A full biography can be found Landor's website. This post will celebrate Walter Landor's legacy by featuring some of his firm's earlier brand marks from the 50s up until 1974, when Walter Landor retired from day-to-day operations.

Landor was known for pioneering some research-based methods for brand strategy, but that didn't stop his firm from also producing beautiful design. Some are classic design cases, others all but forgotten.

New logos: K2 and Frisbee


K2 and Frisbee are two Italian kids channel broadcast for free to most of the country. Their parent company was bought by Discovery Communications earlier this year, and on June 30 they both got new on-air looks-

K2 is heavy on action and adventure cartoons for boys, while Frisbee caters more to girls. Those targets are clearly more apparent with the new logos.

Monday, July 8, 2013

Alta Vista brand history


Yahoo announced a couple of weeks ago that AltaVista would close down today. A good excuse to go through AltaVista's history in logo form.

For those of you who don't remember it, AltaVista was an early search engine, one of the first to use crawlers and indexing to give you results on whatever topic you wanted. It was developed in 1995 by Digital Equipment Corporation, partly to showcase its processors, and would soon become the leading search engine as the Internet was welcomed into people's homes.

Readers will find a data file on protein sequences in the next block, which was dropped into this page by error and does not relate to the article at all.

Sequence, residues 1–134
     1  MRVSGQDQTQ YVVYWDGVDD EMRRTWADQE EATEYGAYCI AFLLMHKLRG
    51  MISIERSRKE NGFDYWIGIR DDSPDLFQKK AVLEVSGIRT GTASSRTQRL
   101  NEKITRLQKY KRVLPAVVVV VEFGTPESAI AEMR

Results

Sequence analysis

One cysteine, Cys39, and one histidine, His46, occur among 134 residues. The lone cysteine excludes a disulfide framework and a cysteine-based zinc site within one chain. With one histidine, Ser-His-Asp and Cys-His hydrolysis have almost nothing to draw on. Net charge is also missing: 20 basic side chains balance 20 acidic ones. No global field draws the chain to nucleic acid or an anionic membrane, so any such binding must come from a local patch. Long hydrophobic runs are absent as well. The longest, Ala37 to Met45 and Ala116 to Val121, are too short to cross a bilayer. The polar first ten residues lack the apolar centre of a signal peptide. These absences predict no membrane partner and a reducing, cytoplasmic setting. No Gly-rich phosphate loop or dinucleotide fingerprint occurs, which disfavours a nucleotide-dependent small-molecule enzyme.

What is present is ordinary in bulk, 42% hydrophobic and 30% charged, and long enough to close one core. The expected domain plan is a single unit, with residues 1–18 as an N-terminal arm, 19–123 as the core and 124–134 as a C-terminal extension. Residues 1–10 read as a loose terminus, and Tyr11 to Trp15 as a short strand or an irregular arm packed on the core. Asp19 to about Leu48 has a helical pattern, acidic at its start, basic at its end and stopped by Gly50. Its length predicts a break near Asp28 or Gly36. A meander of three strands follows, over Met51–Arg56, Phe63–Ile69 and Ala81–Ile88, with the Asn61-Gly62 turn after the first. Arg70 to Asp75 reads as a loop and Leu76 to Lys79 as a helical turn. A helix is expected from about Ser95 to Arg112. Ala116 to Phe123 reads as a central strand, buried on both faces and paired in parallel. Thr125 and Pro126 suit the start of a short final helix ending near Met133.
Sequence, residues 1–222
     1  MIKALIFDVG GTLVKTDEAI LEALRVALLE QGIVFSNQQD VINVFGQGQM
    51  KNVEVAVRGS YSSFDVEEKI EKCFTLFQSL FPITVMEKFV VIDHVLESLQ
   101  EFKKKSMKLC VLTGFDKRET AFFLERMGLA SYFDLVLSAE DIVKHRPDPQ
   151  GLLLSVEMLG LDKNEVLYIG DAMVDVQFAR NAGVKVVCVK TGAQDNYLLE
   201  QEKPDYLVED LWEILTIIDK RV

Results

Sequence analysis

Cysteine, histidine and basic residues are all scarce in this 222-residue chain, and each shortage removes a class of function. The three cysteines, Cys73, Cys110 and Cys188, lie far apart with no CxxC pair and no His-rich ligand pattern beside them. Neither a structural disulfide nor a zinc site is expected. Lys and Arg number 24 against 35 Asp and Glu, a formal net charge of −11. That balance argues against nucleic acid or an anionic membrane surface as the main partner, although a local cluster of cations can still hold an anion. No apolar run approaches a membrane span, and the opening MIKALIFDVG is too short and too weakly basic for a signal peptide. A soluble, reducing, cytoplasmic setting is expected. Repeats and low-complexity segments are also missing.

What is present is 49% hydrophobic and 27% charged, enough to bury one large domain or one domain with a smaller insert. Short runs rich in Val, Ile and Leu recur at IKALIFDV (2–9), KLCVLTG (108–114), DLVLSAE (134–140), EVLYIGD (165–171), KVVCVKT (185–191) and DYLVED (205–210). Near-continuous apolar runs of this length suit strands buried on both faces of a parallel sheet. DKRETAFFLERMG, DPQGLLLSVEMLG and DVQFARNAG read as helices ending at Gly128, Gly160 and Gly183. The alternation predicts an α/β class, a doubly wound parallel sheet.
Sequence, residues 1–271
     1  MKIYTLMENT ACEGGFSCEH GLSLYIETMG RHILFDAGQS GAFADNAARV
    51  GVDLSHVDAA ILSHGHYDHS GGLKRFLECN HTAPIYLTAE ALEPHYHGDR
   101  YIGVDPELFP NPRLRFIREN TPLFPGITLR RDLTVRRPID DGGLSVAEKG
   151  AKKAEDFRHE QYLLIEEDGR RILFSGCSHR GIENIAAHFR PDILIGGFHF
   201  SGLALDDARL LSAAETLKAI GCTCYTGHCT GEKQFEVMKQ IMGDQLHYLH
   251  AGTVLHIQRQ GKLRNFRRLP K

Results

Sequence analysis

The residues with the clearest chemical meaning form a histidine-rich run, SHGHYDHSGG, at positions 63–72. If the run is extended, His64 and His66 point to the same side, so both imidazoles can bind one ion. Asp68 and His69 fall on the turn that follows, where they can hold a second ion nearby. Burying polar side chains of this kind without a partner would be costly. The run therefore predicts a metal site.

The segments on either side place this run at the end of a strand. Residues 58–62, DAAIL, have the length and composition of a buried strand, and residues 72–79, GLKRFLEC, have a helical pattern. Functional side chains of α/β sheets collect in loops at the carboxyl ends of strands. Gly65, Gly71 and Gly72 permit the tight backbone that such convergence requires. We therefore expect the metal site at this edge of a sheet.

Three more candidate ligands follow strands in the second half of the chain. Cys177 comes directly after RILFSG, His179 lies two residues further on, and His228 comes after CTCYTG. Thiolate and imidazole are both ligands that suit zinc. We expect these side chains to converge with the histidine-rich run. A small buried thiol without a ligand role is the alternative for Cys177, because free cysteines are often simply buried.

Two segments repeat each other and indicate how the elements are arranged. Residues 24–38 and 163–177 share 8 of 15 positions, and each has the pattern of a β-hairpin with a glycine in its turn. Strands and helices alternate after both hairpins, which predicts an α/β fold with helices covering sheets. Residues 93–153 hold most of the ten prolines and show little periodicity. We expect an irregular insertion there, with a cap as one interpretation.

New logo: Norwegian Environment Agency


The Norwegian Environment Agency (Miljødirektoratet in Norwegian) is a new government agency formed on July 1 from the merger of the Norwegian Directorate for Nature Management and the Norwegian Climate and Pollution Agency. The visual identity for this "super agency" was developed by BrandLab Oslo.

They wanted to position the agency as the agenda setter in Norwegian environmental politics. This was done through an elegantly tight expression with a stylised M in a mix of blue and green. BrandLab also developed imagery guidelines, website design, icons and typography.

New logo: Wallonia


The government agencies in Wallonia, the southern French-speaking half of Belgium, unveiled a new logo on June 27. This new logo is part of a marketing effort to promote Wallonia abroad and will be launched in full before the end of the year. It was developed by communications agency VO-Event in Brussels.

The logo consists of five dots and can come with four different "auras", coloured pattern representing qualities such as accessibility and technical know-how.

Friday, July 5, 2013

New logo: Follett


Follett Corporation is a major American provider of educational materials, operating hundreds of bookstores and other services. Back in May, it introduced a new corporate identity, created by Chermayeff & Geismar & Haviv.

Although most of Folkett's divisions and products are named after the company, they all use completely different logos. The new mark is intended to represent the entire company, replacing all the old logos and creating a unified brand architecture.